John Young, a Revolutionary War Veteran, founded the present community of DeWitt in the early 1800's. He built his log house on a small bluff above Butternut Creek, just east and south of the present inter-section of Erie Blvd. and E. Genesee St. The church was organized in 1811 and the first structure was erected on land donated by Young. Although originally sponsored by the Methodist Church, DeWitt Community Church has, for many years, been a true "community" church with an inter-denominational membership.
The present church across from Shoppingtown Mall on Erie Blvd., was dedicated in the fall of 1955, but many of us recall worshipping in the earlier chapel that once stood just south of the current facility. This structure was built in 1887 and moved to the corner of Landsdowne and Thompson Roads in 1927. By 1955, the old church was so crowded that four worship services were necessary each Sunday morning.
Part of this congregational growth was due to geographic factors--DeWitt was, of course, in the path of Syracuse's eastern growth and development--but most of it was the result of the dynamic ministry of the Rev. Alexander C. Carmichel. At the time of his call to the church in 1937 there were only about 30 members but when the present church was dedicated in 1955 there were nearly 2000 members. A November 12, 1961, article in the Syracuse Post-Standard, prepared on the occasion of the church's 150th anniversary, referred to him as being, "in every sense the beloved shepherd vitally concerned with the well-being of each member of his flock." Although Rev. Carmichel lost his beloved wife, Betty, several years ago he enjoys a fairly active retirement and still resides nearby.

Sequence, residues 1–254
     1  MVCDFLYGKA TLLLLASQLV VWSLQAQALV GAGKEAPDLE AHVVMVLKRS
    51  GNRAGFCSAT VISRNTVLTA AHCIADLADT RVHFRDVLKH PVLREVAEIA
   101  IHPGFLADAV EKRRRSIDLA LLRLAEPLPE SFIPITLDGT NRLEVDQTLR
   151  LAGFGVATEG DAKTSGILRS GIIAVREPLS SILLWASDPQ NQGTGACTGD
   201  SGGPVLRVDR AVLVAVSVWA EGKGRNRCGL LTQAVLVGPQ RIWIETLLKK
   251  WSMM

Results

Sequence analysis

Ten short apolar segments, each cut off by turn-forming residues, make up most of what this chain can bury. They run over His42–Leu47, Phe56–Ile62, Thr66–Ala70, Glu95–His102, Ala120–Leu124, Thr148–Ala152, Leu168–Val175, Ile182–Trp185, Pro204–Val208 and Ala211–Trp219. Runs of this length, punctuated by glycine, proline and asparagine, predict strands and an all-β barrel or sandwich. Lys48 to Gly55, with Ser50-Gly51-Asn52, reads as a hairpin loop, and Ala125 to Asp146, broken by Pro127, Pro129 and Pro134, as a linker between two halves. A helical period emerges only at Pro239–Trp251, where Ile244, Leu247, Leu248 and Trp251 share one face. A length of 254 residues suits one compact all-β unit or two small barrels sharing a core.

As a youngster growing up in this community during the 1950's, I have many fond memories of Alex. (He always insisted that "Reverend Carmichel" was a bit too much for a kid to pronounce, and as I was only six when I first attended his church, I, like most others, have always known him simply as "Alex.") His sermons were always spell-binding--and I ought to know because as an altar boy I would hear the same one at up to four services each Sunday. He had the wonderful gift of being able to speak to his parishioners in terms that anyone might understand and to bring moral insights to bear on everyday problems. He augmented his classic oratorical skills with a dry sense of humor and combined prose and poetry in such a way that his sermons took on an almost lyrical style. Anyone who has had the privilege of hearing Alex speak will know exactly the qualities I am trying to describe.
DeWitt, like most suburban communities, has a highly transient population and like many former members of the church, I eventually moved from the area. But I think often of the great influence that Alex and this church exerted on me and many others of my generation. And it is the hope that there are yet others who recall those happy times that has prompted the creation of this web site.
My wife, (the former Jean King of Syracuse), and I were married in the Church in 1961, and I will list below some members of the congregation that we can recall from that era. If anyone reading this has information about any of them, we hope you will share it with us.